Launching a ballistic missile is a solved problem. It was first solved in World War II, when German V-2 rockets flew over 220 miles to rain death on the United Kingdom. During the Cold War, the potential to deliver a nuclear attack with a missile fired from one side of the globe to another led to an arms race, a massive nuclear stockpile, and the category of Intercontinental Ballistic Missiles, or ICBMs. Building an ICBM is also a solved problem, requiring the expertise to make a nuclear warhead and to build a missile body that can effectively deliver it.
This is all to preface a simple, grim possibility. North Korea, a totalitarian dictatorship and the only country to test nuclear warheads this century, might only be five or so years away from building working, nuclear-tipped ICMBs of their own.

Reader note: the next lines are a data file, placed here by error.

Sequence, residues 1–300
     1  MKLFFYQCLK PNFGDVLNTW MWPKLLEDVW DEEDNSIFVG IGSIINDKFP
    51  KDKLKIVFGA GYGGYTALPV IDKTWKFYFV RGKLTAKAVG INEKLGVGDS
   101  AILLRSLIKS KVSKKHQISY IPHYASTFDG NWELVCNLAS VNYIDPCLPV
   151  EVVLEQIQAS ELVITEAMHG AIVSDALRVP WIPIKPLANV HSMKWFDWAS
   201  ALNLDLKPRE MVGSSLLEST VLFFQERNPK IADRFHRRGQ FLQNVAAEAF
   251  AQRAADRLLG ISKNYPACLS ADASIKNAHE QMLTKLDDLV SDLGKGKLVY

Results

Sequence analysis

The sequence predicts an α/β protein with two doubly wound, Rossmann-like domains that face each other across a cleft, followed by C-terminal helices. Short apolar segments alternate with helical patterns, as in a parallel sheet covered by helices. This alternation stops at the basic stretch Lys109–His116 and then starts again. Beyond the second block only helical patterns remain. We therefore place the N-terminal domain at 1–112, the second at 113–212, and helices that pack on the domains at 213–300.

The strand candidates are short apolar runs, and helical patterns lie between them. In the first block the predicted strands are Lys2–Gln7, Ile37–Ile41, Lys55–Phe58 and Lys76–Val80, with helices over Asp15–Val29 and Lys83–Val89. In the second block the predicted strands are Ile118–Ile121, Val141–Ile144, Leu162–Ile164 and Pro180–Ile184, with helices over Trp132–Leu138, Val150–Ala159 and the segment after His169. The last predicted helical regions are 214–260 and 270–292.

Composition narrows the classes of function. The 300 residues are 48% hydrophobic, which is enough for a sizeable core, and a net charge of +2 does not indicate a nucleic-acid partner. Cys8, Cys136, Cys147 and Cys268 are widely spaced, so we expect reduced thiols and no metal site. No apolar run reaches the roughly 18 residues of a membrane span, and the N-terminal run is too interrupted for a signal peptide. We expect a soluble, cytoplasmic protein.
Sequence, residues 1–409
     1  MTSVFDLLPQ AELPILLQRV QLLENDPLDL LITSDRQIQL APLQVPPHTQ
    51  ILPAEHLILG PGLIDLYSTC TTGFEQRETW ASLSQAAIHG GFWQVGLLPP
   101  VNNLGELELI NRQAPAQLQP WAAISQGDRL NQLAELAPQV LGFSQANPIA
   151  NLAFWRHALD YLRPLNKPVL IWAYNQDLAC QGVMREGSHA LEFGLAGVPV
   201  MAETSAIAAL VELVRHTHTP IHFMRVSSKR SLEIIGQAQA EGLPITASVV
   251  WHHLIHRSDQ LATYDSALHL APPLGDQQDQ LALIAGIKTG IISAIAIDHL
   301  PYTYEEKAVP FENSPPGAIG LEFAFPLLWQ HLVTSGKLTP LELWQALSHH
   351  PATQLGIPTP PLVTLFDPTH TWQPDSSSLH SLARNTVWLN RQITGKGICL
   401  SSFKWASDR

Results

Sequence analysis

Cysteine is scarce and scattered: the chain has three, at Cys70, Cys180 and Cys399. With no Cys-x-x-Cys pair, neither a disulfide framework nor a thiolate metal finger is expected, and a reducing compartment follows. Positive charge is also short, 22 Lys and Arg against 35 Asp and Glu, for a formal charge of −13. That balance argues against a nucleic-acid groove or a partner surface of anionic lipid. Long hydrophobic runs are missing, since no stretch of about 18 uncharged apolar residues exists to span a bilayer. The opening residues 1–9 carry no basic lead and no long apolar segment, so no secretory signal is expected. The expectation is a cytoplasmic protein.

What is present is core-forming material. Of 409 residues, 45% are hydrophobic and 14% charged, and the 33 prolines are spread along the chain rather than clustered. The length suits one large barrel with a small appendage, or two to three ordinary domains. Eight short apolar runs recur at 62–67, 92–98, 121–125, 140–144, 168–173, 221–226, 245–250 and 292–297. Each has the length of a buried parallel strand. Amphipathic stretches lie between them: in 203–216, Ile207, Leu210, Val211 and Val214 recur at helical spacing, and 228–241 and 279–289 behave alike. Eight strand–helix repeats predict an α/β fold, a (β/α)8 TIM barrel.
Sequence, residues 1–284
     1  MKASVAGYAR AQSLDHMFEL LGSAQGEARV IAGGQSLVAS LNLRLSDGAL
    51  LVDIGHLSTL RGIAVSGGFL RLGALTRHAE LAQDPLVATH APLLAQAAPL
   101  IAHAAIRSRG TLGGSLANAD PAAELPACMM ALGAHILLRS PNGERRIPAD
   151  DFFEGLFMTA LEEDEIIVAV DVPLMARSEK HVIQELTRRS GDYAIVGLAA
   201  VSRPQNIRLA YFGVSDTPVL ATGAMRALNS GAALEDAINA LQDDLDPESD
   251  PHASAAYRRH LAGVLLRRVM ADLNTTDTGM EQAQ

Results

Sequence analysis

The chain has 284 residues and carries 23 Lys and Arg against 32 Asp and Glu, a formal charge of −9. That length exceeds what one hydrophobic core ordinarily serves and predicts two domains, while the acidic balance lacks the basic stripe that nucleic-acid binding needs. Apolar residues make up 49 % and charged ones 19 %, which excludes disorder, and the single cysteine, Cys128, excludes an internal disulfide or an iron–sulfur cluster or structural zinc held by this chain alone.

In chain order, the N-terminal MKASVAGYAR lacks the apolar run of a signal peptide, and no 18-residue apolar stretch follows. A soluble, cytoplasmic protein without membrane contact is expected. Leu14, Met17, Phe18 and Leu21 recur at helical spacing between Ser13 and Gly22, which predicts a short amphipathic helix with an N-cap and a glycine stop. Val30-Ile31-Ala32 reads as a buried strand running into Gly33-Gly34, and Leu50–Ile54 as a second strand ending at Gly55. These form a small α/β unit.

North Korea may not be limited to land-launched ballistic missiles. In August, a North Korean submarine launched missile traveled over 300 miles. While that’s still an order of magnitude shorter than the thousands of miles of range for an intercontinental ballistic missile, submarines can conceal themselves at sea, making the attacks a lot harder to detect until they happen.
North Korea does not yet have the ability to launch a nuclear-tipped missile against targets in the mainland United States. What they have right now are missiles–some that appear to work–and nuclear warheads, which may or may not fit on top of those missiles. Pyongyang still has work to do to prove that this is a real threat. Yet that work, it appears, is getting done. Just last week, North Korea tested another nuclear warhead. August’s successful submarine missile launch followed a series of earlier, unsuccessful tests starting in December 2015.
This is not new science, and it doesn’t take unknown discoveries to make it happen. ICBMs are a solved problem, and North Korea is iterating its way to an answer.